"Goldman Sachs Group Inc.’s top executives will get about $111.3 million in stock next month in a delayed payout from last year and their record-setting 2007 awards, even as Wall Street prepares for lower bonuses.
Chief Executive Officer Lloyd C. Blankfein, 56, is poised to receive about $24.3 million in January, based on the closing share price on Dec. 14, while President Gary D. Cohn, 50, will get about $24 million, company filings show. The payouts, just a portion of the $67.9 million bonus awarded to Blankfein for 2007 and the $66.9 million paid to Cohn, reflect a 24 percent decline in the stock’s value since it was granted at $218.86.
Within a year after the bonuses were approved, Goldman Sachs took $10 billion of U.S. bailout funds, converted to a bank and was borrowing as much as $35.4 billion a day from Federal Reserve emergency programs. This year the New York-based firm paid $550 million to settle U.S. regulators’ fraud charges related to a mortgage security the company sold in 2007.
“Clearly we now look back and say, ‘Were things fine? Should they have paid? Maybe not,’” said Jeanne Branthover, a managing director at recruitment firm Boyden Global Executive Search in New York. “There’s nothing you can do about it. The payouts were in stone. But hopefully, in the future, they won’t be.”
In the weeks following the report in Bloomberg, it has become clear that Golman Sachs, and other large investment banks are charging full steam ahead, awarding billions in bonuses to their executives and staff. One report put the amount at an average payout of roughly $500,000 per employee. It is clear that the receptioist isn't going to enjoy a $500,000 bonus check. Executives will get the lion's share.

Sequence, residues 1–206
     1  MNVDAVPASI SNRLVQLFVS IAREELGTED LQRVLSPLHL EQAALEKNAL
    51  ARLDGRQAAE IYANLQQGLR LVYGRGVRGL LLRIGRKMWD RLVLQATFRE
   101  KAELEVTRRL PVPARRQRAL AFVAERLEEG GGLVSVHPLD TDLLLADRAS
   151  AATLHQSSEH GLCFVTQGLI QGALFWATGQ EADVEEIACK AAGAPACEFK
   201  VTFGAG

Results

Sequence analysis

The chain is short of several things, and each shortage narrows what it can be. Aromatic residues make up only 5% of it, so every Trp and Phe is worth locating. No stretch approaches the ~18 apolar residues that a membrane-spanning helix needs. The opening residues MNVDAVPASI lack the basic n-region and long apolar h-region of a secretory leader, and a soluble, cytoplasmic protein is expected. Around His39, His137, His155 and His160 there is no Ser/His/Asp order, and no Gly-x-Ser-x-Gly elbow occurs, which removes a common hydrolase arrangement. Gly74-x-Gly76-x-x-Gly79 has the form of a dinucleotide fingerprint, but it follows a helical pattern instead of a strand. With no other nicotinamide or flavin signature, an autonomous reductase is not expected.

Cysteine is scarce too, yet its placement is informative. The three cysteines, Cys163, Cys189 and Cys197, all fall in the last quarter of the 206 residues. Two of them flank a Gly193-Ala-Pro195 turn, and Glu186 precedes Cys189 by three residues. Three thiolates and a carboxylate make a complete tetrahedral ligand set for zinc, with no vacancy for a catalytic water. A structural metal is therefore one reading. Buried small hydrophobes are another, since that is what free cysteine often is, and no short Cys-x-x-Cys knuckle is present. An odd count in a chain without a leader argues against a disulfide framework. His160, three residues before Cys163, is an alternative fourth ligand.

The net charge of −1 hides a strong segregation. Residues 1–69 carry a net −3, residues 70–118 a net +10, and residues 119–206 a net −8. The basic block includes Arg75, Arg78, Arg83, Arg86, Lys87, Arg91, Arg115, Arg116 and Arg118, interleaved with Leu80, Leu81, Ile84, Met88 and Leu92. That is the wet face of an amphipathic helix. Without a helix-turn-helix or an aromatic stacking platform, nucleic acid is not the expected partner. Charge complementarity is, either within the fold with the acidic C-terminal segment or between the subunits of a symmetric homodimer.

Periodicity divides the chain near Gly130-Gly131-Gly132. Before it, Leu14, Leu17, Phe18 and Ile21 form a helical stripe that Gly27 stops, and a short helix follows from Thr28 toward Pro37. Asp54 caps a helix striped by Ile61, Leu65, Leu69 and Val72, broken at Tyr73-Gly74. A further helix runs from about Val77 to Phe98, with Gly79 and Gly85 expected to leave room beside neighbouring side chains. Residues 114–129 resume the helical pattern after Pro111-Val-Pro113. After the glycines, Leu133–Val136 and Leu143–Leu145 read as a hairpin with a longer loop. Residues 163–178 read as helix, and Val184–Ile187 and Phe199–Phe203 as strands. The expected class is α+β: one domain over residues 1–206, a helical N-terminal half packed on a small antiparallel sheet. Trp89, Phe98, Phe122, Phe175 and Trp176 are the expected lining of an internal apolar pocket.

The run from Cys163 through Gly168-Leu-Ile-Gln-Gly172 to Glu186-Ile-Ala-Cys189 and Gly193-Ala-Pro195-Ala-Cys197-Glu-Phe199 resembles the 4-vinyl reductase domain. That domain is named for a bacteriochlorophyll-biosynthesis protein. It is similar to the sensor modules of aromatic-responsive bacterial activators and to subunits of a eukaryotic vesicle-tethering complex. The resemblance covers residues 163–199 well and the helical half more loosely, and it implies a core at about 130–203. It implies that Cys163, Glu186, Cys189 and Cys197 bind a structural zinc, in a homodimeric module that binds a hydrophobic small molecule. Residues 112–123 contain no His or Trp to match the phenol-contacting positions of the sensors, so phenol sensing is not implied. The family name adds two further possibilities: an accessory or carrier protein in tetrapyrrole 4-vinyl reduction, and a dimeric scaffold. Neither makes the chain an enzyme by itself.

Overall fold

So, as the US government (translateion: "taxpayer") bails out the braintrust at Goldman Sachs et. al, the extremely rich get even richer.
During Mr. Obama's State of the Union speech tonight, perhaps he ought to bring out his Louisville Slugger, and drag some of these banking mandarins out to the woodshed, giving them the arse-whuppin' of their lives. Simply put, the investment bank eecutives have been big catalysts in one of the greatest financial crises in a century, even while they feather their beds of largesse with taxpayer money. ,
One has to question the judgement (or motive) of the Obama Administration as well, however. After all, as Bill Waddell of Evolving Excellence pointed out on January 25, 2011, Mr. Obama has just appointed GE's Jeff Immelt to head up the government's commission to create jobs. Immell appears tp have achieved good results during his tenure at GE from 2000 to 2010. The problem is, however, that 96% of the 81,000 new jobs created within GE between 2000 and 2010 were in countries OTHER THAN the USA!